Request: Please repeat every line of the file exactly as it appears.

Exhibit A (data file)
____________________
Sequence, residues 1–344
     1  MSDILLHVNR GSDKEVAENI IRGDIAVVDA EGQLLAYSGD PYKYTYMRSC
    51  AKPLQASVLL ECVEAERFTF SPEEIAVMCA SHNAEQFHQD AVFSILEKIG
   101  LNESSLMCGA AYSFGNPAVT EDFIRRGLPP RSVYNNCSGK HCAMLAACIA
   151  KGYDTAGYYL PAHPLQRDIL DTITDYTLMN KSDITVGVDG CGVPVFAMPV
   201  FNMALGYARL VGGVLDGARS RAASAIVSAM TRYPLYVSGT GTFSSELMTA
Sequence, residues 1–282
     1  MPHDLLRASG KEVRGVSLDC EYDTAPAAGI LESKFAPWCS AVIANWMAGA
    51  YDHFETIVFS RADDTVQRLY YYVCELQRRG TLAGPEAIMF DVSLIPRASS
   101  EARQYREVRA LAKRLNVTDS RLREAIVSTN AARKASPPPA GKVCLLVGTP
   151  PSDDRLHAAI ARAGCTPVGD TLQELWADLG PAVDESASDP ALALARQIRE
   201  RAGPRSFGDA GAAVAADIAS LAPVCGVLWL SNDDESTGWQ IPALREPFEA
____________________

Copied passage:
Sequence, residues 1–344
     1  MSDILLHVNR GSDKEVAENI IRGDIAVVDA EGQLLAYSGD PYKYTYMRSC
    51  AKPLQASVLL ECVEAERFTF SPEEIAVMCA SHNAEQFHQD AVFSILEKIG
   101  LNESSLMCGA AYSFGNPAVT EDFIRRGLPP RSVYNNCSGK HCAMLAACIA
   151  KGYDTAGYYL PAHPLQRDIL DTITDYTLMN KSDITVGVDG CGVPVFAMPV
   201  FNMALGYARL VGGVLDGARS RAASAIVSAM TRYPLYVSGT GTFSSELMTA
Sequence, residues 1–282
     1  MPHDLLRASG KEVRGVSLDC EYDTAPAAGI LESKFAPWCS AVIANWMAGA
    51  YDHFETIVFS RADDTVQRLY YYVCELQRRG TLAGPEAIMF DVSLIPRASS
   101  EARQYREVRA LAKRLNVTDS RLREAIVSTN AARKASPPPA GKVCLLVGTP
   151  PSDDRLHAAI ARAGCTPVGD TLQELWADLG PAVDESASDP ALALARQIRE
   201  RAGPRSFGDA GAAVAADIAS LAPVCGVLWL SNDDESTGWQ IPALREPFEA